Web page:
Friday, March 16, 2018

Vox Popoli: Ben Shapiro defends free trade (and the myths of free trade)

In which I demonstrate why Ben Shapiro has been running non-stop from a debate with me, particularly one concerning economics. First, this is a link to his piece entitled "Yes, Tariffs Are Still Stupid. Here's Why". Go and read it first, in its totality, so you will understand that I am not making any of this up and I am fairly representing his positions that I am criticizing.
Yes, free trade is good.

On Thursday, The Journal of American Greatness, an outlet devoted to President Trump’s purported philosophy, printed an article by Spencer Morrison, a law student and editor-in-chief of the National Economics Editorial. The article is an attempt to rebut the chief conceits of free trade, and in particular, knock down my objections to President Trump’s fondness for tariffs. It’s titled “Why Ben Shapiro is Wrong on Free Trade.”

The reality is that my arguments on free trade have been supported by every major free market economist in history, but I do appreciate the central billing.
This is a little sleight of hand, as Benny presents a tautology as if it means something. Friedrich List is a major non-socialist economist who strongly favored tariffs, but is he a "free market economist"? What does "free market economist", a phrase that is meaningless in economics terms, mean?  It means an economist who supports free trade. So, the reality is that Benny is cribbing "his" arguments from economists who support free trade. Which is not news.
Morrison’s argument in favor of tariffs begins with an analysis of a three-minute segment of video from my daily podcast in which I talk about the flaws in tariff-based economics. As I’ve actually done full episodes on tariffs, and written extensively about them, I wouldn’t say that the video is my fulsome argument against them, but it’s sufficient for purposes of discussion. Morrison first misrepresents my argument in the video: he says that I’m pro-trade deficit, when in reality, I merely explain in the video that trade deficits are an irrelevant economic statistic (neither good per se nor bad per se) and that some countries that run trade deficits do just fine, while some that run trade surpluses don’t. Morrison takes that to be me stumping for the beauty of trade deficits — which, again, I don’t do, since I think that statistic is irrelevant. 
It's fair for him to criticize Morrison's misrepresentation, since Benny is not pro-free trade deficit, he merely thinks they are irrelevant. But Benny is totally wrong, since a trade deficit is not even remotely irrelevant, as it literally shrinks the economy. To grow the economy and increase GDP, export. To shrink the economy and reduce GDP, import. What this reveals is that Benny clearly does not know how GDP is calculated, nor is he aware of how the trade deficit is a part of the basic GDP formula: C+I+G+(x-m).

As it happens, I address this in the next Voxiversity video, but those of you who understand addition and subtraction should be able to grasp that when (x-m) is negative, there is a trade deficit and GDP is lower. Without the trade deficit, the USA would have a $20.3 trillion economy rather than a $19.7 trillion economy, so it's hardly "irrelevant" considering that 3 percent growth is cause for celebration these days.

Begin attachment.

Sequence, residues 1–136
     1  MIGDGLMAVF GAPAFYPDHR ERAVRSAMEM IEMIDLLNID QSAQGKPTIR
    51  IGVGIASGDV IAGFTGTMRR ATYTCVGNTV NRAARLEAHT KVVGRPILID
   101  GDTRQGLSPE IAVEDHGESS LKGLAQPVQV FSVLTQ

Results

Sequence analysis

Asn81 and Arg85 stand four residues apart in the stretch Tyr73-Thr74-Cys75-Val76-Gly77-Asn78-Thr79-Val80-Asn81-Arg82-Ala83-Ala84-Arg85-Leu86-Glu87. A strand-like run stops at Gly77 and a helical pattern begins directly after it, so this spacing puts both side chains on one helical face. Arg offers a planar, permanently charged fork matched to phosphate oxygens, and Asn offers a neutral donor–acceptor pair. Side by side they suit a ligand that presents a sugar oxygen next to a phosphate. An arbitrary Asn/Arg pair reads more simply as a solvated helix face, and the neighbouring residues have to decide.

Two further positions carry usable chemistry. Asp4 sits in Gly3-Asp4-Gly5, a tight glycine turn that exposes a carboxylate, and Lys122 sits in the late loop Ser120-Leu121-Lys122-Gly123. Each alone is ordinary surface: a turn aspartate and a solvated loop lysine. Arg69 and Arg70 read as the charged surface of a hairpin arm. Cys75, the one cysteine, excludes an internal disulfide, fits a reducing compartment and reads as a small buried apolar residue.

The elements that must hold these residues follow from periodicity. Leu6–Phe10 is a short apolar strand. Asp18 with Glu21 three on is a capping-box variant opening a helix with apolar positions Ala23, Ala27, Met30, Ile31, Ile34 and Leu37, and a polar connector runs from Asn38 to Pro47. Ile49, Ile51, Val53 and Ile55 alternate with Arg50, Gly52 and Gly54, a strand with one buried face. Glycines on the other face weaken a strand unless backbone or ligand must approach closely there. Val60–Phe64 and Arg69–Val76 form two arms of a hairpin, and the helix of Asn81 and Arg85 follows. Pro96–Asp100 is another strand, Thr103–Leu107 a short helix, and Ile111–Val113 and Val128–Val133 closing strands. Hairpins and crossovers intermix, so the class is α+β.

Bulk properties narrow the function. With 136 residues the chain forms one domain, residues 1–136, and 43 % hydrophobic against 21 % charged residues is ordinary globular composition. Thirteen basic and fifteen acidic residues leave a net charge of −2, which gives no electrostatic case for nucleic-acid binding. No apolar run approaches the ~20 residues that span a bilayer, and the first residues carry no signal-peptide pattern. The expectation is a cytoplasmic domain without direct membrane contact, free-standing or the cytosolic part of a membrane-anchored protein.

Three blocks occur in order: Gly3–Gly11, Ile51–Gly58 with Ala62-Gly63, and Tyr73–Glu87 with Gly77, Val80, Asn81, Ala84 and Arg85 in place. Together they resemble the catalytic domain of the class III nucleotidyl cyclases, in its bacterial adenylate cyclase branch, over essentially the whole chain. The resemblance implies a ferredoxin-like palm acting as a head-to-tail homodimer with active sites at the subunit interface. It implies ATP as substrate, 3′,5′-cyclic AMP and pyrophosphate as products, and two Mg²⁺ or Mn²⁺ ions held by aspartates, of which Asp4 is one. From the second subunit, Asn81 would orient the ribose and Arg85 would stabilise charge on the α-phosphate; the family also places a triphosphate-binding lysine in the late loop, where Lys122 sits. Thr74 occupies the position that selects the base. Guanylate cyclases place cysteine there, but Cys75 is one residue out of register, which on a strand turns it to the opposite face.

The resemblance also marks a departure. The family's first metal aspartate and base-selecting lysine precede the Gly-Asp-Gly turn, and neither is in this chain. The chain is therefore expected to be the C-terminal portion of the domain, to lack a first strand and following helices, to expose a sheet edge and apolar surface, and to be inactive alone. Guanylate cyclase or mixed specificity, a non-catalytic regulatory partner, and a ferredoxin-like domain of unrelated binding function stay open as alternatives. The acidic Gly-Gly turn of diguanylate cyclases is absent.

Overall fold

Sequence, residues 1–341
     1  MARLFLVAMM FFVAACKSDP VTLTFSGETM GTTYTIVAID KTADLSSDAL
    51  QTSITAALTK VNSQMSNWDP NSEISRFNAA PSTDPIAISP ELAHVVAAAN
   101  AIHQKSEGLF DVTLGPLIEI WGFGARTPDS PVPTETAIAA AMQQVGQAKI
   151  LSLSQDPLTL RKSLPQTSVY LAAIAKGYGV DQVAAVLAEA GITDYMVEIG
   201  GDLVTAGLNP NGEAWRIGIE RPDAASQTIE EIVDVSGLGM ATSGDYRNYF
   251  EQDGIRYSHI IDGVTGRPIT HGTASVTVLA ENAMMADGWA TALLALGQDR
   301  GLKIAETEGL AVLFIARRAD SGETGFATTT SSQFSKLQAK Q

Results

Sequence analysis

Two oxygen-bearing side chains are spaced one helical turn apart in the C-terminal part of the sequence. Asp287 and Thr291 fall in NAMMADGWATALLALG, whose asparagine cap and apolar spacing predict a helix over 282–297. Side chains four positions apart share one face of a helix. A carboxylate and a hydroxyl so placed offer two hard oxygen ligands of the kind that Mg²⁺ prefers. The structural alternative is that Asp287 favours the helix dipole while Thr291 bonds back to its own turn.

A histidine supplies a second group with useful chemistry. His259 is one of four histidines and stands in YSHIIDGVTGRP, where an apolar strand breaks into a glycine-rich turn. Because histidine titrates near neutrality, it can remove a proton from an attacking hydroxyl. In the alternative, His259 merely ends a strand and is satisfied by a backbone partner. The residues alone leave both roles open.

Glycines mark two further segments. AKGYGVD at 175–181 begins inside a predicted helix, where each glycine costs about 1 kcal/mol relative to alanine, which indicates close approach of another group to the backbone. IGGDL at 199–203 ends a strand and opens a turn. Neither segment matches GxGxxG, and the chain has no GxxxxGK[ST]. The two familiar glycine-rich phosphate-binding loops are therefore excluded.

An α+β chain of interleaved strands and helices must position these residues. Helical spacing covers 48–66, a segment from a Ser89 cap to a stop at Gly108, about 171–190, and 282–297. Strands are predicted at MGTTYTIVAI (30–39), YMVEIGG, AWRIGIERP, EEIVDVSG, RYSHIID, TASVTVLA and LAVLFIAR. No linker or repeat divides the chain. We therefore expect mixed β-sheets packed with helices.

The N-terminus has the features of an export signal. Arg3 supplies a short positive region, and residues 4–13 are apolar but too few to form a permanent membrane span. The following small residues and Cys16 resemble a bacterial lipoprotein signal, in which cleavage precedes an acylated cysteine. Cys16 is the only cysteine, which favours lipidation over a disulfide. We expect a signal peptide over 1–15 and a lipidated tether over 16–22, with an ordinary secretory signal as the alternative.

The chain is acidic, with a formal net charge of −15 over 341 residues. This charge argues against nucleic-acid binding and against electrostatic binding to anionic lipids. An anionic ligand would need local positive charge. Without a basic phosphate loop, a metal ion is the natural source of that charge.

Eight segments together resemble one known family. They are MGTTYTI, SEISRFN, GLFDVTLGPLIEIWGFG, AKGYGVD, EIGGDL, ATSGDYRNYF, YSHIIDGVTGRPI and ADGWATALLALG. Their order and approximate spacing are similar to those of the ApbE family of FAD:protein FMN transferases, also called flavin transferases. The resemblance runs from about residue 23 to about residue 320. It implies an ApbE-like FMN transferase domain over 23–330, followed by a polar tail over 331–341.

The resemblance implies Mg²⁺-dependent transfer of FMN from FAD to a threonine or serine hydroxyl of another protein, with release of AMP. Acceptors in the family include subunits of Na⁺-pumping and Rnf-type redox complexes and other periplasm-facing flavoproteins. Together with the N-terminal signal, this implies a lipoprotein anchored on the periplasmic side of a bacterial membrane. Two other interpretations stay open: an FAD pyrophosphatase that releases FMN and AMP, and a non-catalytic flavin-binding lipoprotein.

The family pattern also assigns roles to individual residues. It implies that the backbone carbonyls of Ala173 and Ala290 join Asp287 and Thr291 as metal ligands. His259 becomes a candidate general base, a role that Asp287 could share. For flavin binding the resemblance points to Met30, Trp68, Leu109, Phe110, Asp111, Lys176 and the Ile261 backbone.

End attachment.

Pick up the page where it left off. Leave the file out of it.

Finally, Morrison gets to his central argument: comparative advantage doesn’t work when capital is mobile. Here’s Morrison:

Comparative advantage is an elegant theory, but it too is domain-specific—it only works when certain preconditions are met. For example, capital must be immobile for the theory to apply. Shapiro ignores this crucial limiting factor, and applies comparative advantage to just about everything. This is his root error. … For example, comparative advantage suggests that the key to getting rich is to specialize production, regardless of what you produce. That is, a country with a comparative advantage in growing soybeans should focus on growing more soybeans, while a country with a comparative advantage in manufacturing semiconductors should focus on manufacturing more semiconductors. In either case, this supposes, their relative wealth will correlate with the degree of specialization, as opposed to the complexity of their production. This is objectively wrong.

To support the contention that it is objectively wrong to embrace comparative advantage, Morrison cites two studies. First, he cites a paper from economists Ricardo Hausmann, Jason Hwang, and Dani Rodrik, claiming that countries that manufacture automobiles develop faster than those that grow bananas, and another from Stephen Redding of the London School of Economics stating that economic growth is path-dependent — that if you develop a particular industry that is more sophisticated, other industries grow up around that industry, making for a more powerful economy. The result, Morrison claims, is that the United States should enforce tariffs on behalf of its most technologically advanced/important industries, to prevent other countries from undercutting those industries and reducing us to comparative advantage in nail-clipper manufacturing.
First, literally every economist knows that comparative advantage doesn't work when capital is mobile. The immobility of capital is only one of David Ricardo's false assumptions that are required for comparative advantage to logically hold up. Shapiro doesn't understand that the papers Morrison is citing are not relevant to the capital argument, or that Morrison is simply trying to keep it simple for economics illiterates like him. The immobility of capital is merely the fifth of the seven false Ricardian assumptions intrinsic to the theory of comparative advantage listed by Ian Fletcher, which are as follows: